Greatest Hits: Blue-collar bruiser Roberto Garcia names his top three fights

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Roberto Garcia is a boxer by profession—just don’t call him that.

“I’m a fighter,” he clarifies matter-of-factly.

With his blue-collar, no-nonsense style and straightforward attack, Garcia’s the kind of guy who opponents tend to overlook—until he’s jarring molars loose with an overhand right to the jaw.

“I’ve always been that fighter who’s been under the radar,” he says.

Garcia hopes to change all that during his showdown with former 147-pound champion Shawn Porter on March 13, which will be televised on Spike TV at 9 p.m. ET/PT.

Roberto Garcia

Roberto Garcia has flown under the radar in winning 36 of his 39 pro fights.

Prior to the bout, Garcia reflected on his three most significant fights:

3 vs. Victor Manuel Cayo, May 1, 2014, at Hialeah Park Race Track in Hialeah, Florida

Garcia went after the well-traveled Cayo like a wolf in pursuit of his prey, applying nonstop pressure during their May 2014 scrap.

“I just had my foot on the gas and no matter what he did, I didn’t stop coming,” he says. “I kept going, kept going, kept going. He just drowned.”

After pummeling Cayo relentlessly, the referee stopped the fight in the sixth round as Garcia was going in for the knockout.

“When they stopped it, I didn’t even know he was hurt,” Garcia says. “I was going to throw a left hook. I went in and he was falling. If the ropes weren’t there, he would have fell on the floor. I could hear my wife screaming, ‘Roberto!’ I feed off of that.”

2 vs. Norberto Gonzalez, February 7, 2014, at UIC Pavilion in Chicago

Garcia took his February 2014 clash with Gonzalez on short notice, having only 12 days to prepare.

To make matters worse, he had to move up in weight above the 147 pounds he normally competes at.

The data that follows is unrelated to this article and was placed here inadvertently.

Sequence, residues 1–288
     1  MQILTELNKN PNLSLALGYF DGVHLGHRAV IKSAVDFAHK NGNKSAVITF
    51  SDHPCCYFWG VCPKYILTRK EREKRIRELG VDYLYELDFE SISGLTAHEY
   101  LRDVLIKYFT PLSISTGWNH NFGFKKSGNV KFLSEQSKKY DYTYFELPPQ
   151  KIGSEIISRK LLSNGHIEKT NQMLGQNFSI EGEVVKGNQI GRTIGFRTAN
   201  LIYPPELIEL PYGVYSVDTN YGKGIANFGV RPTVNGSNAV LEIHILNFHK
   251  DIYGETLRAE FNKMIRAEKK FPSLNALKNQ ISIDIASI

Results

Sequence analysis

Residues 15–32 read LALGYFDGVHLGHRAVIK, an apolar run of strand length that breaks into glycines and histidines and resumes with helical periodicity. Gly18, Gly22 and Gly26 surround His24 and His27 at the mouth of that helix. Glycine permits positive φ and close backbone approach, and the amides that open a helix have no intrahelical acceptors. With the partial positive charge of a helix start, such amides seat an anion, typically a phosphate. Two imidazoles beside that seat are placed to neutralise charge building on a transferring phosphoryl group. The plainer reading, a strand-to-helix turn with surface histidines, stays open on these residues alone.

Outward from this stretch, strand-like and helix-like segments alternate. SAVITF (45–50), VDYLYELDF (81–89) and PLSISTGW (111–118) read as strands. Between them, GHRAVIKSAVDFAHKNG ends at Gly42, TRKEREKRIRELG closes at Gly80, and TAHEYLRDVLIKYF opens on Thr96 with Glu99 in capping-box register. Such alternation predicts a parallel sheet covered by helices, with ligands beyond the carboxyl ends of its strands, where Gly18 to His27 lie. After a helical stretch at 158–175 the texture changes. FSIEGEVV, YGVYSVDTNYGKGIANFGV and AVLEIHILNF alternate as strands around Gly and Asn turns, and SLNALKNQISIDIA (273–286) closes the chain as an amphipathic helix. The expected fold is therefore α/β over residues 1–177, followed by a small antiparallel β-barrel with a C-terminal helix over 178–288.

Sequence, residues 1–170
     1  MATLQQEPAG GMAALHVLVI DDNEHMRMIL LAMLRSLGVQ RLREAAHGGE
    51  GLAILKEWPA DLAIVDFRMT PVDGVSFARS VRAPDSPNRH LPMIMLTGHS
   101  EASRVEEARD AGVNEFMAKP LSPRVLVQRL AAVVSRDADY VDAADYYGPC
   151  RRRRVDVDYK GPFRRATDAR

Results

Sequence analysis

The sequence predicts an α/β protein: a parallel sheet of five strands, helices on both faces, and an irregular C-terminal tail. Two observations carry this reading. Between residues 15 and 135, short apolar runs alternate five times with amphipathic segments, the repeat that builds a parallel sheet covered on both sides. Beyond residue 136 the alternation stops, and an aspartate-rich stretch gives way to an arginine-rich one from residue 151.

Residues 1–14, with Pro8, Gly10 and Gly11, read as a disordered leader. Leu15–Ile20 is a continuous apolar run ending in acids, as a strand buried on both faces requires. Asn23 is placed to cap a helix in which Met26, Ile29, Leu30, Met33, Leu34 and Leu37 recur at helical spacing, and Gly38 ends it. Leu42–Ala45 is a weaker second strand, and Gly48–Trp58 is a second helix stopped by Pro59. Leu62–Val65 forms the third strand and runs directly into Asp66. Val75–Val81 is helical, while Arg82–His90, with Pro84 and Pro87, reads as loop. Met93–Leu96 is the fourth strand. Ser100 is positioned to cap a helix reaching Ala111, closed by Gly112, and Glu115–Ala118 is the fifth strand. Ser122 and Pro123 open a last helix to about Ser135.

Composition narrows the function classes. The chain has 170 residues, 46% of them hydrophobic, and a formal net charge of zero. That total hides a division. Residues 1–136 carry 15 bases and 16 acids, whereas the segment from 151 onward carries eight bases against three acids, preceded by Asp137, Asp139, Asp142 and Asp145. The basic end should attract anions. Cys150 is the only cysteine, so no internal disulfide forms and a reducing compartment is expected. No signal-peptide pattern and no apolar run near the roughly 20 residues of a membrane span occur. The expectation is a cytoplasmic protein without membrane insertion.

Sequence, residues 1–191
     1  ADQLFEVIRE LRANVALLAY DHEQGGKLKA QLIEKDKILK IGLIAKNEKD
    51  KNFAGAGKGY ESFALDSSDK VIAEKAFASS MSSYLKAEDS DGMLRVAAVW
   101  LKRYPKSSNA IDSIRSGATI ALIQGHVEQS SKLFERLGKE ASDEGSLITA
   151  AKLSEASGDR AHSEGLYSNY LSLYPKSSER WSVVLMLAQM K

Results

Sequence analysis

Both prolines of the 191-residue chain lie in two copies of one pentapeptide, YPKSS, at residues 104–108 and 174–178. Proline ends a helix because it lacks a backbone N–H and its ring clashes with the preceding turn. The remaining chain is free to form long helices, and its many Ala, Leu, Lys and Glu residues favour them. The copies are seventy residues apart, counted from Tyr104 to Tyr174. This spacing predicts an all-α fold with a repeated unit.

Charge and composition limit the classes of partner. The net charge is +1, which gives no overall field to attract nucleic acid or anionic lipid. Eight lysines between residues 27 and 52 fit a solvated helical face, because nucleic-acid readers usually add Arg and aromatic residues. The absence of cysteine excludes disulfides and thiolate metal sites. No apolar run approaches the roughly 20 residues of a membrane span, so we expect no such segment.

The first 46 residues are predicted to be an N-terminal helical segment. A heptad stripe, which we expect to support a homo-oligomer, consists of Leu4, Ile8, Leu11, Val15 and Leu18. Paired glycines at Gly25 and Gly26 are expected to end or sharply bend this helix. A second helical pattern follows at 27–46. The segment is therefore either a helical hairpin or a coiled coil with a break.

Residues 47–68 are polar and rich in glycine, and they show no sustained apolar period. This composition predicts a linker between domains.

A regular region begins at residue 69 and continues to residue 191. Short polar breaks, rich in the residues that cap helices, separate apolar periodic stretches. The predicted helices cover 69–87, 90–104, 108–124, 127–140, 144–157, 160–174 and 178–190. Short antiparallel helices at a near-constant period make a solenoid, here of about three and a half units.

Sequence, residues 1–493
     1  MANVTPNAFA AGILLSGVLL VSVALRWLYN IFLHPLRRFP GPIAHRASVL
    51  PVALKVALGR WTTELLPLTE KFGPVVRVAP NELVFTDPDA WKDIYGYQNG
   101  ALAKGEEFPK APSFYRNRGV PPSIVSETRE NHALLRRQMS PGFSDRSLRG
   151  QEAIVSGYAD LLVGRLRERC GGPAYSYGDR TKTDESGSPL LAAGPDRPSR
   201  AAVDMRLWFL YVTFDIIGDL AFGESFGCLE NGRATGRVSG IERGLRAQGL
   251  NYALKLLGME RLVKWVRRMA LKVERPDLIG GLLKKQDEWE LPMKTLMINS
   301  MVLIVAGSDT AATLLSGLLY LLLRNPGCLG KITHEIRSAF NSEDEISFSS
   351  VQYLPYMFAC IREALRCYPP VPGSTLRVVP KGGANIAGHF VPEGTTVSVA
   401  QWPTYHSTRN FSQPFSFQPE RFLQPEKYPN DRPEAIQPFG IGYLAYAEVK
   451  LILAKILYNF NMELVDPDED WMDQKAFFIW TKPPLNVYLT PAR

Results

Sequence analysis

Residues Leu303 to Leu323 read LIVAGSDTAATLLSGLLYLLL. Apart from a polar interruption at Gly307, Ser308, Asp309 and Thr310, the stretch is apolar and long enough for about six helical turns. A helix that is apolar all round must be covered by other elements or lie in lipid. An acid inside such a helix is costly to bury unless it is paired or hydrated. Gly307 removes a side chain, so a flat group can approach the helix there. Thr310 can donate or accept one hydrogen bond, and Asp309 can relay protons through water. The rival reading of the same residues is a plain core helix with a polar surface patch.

“They were so confident, because he was in shape,” Garcia says of his opponent’s camp. “He was supposed to fight Jonathan Gonzalez, a Puerto Rican Olympian, but he hurt his shoulder. They needed a late replacement.”

Because of the circumstances, Garcia recalls Gonzalez’s team being particularly dismissive of him.

“They were laughing at us at the weigh-in,” he remembers. “They were confident as hell.”

Instead, it was Garcia who got the last laugh, hammering out a 10-round split-decision victory.

1 vs. Juan Carlos Rubio, March 10, 2006, at the La Villa Real Convention Center in McAllen, Texas

Five years into his career, Garcia took a step up in competition in March 2006 against the rugged Rubio.

His aim: to demonstrate that an underdog can still have plenty of bite.

“Everybody thought that he was going to beat me,” Garcia says. “It was my first 12-round fight; they thought that I was going to gas out. I went from eight rounds and I jumped straight to 12—I never even did a 10.“

Instead, Garcia pounded his way to winning a unanimous decision, ending Rubio’s career in the process.

“I retired him,” Garcia says. “I knocked him out of the ring in the 12th round, detached his retina. That was a big win. That got me world ranked for the first time.”

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